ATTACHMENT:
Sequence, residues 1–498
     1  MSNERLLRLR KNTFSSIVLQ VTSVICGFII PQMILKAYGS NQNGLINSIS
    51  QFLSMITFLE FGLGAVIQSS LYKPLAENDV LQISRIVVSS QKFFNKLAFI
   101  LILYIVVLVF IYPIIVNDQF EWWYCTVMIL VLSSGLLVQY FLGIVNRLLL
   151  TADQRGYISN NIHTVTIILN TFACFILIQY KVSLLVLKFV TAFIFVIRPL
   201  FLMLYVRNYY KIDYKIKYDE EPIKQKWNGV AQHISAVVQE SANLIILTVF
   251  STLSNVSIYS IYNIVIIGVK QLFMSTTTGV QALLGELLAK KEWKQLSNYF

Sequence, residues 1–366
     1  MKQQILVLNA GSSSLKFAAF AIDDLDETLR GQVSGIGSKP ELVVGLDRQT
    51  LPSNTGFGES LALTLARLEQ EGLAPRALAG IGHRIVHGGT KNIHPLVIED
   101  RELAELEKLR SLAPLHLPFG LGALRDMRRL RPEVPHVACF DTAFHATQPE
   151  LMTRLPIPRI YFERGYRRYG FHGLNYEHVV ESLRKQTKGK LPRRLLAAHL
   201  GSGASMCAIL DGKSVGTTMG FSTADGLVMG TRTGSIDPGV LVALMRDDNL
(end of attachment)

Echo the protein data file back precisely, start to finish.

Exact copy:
Sequence, residues 1–498
     1  MSNERLLRLR KNTFSSIVLQ VTSVICGFII PQMILKAYGS NQNGLINSIS
    51  QFLSMITFLE FGLGAVIQSS LYKPLAENDV LQISRIVVSS QKFFNKLAFI
   101  LILYIVVLVF IYPIIVNDQF EWWYCTVMIL VLSSGLLVQY FLGIVNRLLL
   151  TADQRGYISN NIHTVTIILN TFACFILIQY KVSLLVLKFV TAFIFVIRPL
   201  FLMLYVRNYY KIDYKIKYDE EPIKQKWNGV AQHISAVVQE SANLIILTVF
   251  STLSNVSIYS IYNIVIIGVK QLFMSTTTGV QALLGELLAK KEWKQLSNYF

Sequence, residues 1–366
     1  MKQQILVLNA GSSSLKFAAF AIDDLDETLR GQVSGIGSKP ELVVGLDRQT
    51  LPSNTGFGES LALTLARLEQ EGLAPRALAG IGHRIVHGGT KNIHPLVIED
   101  RELAELEKLR SLAPLHLPFG LGALRDMRRL RPEVPHVACF DTAFHATQPE
   151  LMTRLPIPRI YFERGYRRYG FHGLNYEHVV ESLRKQTKGK LPRRLLAAHL
   201  GSGASMCAIL DGKSVGTTMG FSTADGLVMG TRTGSIDPGV LVALMRDDNL